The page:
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Meta's AI translation breaks 200 language barrier
Open source model improves translation of rarer spoken languages by 70%
Meta's quest to translate underserved languages is marking its first victory with the open source release of a language model able to decipher 202 languages.
Named after Meta's No Language Left Behind initiative and dubbed NLLB-200, the model is the first able to translate so many languages, according to its makers, all with the goal to improve translation for languages overlooked by similar projects.
"The vast majority of improvements made in machine translation in the last decades have been for high-resource languages," Meta researchers wrote in a paper [PDF]. "While machine translation continues to grow, the fruits it bears are unevenly distributed," they said.
According to the announcement of NLLB-200, the model can translate 55 African languages "with high-quality results." Prior to NLLB-200's creation, Meta said fewer than 25 African languages were covered by widely used translation tools. When tested against the BLEU standard, Meta said NLLB-200 showed an average improvement of 44 percent over other state-of-the-art translation models. For some African and Indian languages, the improvement reportedly went as high as 70 percent.
Along with its release on GitHub as an open-source model, Meta said it's also providing $200,000 in grants to nonprofits willing to research real-world applications for NLLB-200.
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Lofty goals aside, Meta is already putting NLLB-200 to work. The model and other results from the NLLB program "will support more than 25 billion translations served every day on Facebook News Feed, Instagram, and our other platforms."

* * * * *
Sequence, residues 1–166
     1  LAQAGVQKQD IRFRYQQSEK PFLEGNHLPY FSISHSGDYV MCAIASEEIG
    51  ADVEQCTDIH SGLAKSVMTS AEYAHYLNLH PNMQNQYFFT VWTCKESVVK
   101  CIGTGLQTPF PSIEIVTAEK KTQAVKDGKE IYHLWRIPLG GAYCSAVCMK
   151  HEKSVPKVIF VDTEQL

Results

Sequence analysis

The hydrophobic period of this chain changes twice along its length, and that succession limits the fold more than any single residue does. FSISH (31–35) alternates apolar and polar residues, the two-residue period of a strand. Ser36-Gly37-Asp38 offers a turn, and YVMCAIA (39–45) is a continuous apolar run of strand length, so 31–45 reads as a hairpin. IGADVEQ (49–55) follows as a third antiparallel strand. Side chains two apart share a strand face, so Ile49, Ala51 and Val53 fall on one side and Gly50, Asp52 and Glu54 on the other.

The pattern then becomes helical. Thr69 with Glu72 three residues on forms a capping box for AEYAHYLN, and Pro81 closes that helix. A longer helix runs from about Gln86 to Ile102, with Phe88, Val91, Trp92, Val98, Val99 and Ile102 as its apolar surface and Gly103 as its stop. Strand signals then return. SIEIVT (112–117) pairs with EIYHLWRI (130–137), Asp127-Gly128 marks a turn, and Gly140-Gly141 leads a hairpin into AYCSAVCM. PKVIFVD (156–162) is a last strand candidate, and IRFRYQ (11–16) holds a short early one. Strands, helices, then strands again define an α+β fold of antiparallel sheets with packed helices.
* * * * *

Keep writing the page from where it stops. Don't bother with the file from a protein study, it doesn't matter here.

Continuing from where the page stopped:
In addition, Meta has been working with the Wikimedia Foundation to use NLLB-200 as the back end of Wikipedia's Content Translation Tool. By including NLLB-200, the CTT added 10 languages that were unsupported by any other translation tool.
There are still hurdles. Meta explains it had to do quite a bit of work to overcome hurdles in doubling NLLB's capabilities, which it overcame through "regularization and curriculum learning, self-supervised learning and diversifying back-translation." Meta also made extensive use of language model distillation, which reduces previously trained AIs into training data for newer models.
As part of its open sourcing of NLLB-200, Meta is also releasing the new Flores-200 evaluation dataset it built for the project, seed training data, its 200-language toxicity list, its new LASER3 sentence encoder, the stopes data mining library, 3.3 billion and 1.3 billion parameter dense transformer models, 1.3 billion and 600 million parameter models distilled from NLLB-200 and NLLB-200 itself, which contains 54.5 billion parameters.
Not all communities may welcome the inclusion of their language in NLLB, or other programs for that matter. New Zealand's Māori community faced off against translation companies last year, arguing the entities didn't have a right to buy language data and sell the Māori language back to its speakers. ®